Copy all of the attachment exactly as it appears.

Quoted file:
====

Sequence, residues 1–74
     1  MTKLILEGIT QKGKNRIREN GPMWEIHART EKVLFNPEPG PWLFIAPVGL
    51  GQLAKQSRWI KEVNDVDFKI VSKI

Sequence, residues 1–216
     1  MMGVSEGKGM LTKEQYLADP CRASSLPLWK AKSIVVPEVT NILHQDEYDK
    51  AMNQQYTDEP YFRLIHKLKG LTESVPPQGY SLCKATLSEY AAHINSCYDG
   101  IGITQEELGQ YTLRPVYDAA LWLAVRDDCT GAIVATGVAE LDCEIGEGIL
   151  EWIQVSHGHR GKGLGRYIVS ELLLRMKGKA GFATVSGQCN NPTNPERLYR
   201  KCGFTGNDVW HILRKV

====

Sequence, residues 1–74
     1  MTKLILEGIT QKGKNRIREN GPMWEIHART EKVLFNPEPG PWLFIAPVGL
    51  GQLAKQSRWI KEVNDVDFKI VSKI

Sequence, residues 1–216
     1  MMGVSEGKGM LTKEQYLADP CRASSLPLWK AKSIVVPEVT NILHQDEYDK
    51  AMNQQYTDEP YFRLIHKLKG LTESVPPQGY SLCKATLSEY AAHINSCYDG
   101  IGITQEELGQ YTLRPVYDAA LWLAVRDDCT GAIVATGVAE LDCEIGEGIL
   151  EWIQVSHGHR GKGLGRYIVS ELLLRMKGKA GFATVSGQCN NPTNPERLYR
   201  KCGFTGNDVW HILRKV